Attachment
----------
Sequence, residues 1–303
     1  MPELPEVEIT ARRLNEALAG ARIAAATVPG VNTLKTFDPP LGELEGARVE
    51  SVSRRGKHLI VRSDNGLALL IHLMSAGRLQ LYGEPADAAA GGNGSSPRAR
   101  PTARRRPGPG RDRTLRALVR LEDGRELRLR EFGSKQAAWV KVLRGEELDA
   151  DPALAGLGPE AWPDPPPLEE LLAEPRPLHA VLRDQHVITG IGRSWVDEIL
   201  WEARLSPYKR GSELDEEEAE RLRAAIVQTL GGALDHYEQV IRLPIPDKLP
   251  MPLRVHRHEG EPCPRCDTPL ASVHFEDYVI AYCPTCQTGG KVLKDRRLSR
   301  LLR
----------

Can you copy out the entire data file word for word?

Sequence, residues 1–303
     1  MPELPEVEIT ARRLNEALAG ARIAAATVPG VNTLKTFDPP LGELEGARVE
    51  SVSRRGKHLI VRSDNGLALL IHLMSAGRLQ LYGEPADAAA GGNGSSPRAR
   101  PTARRRPGPG RDRTLRALVR LEDGRELRLR EFGSKQAAWV KVLRGEELDA
   151  DPALAGLGPE AWPDPPPLEE LLAEPRPLHA VLRDQHVITG IGRSWVDEIL
   201  WEARLSPYKR GSELDEEEAE RLRAAIVQTL GGALDHYEQV IRLPIPDKLP
   251  MPLRVHRHEG EPCPRCDTPL ASVHFEDYVI AYCPTCQTGG KVLKDRRLSR
   301  LLR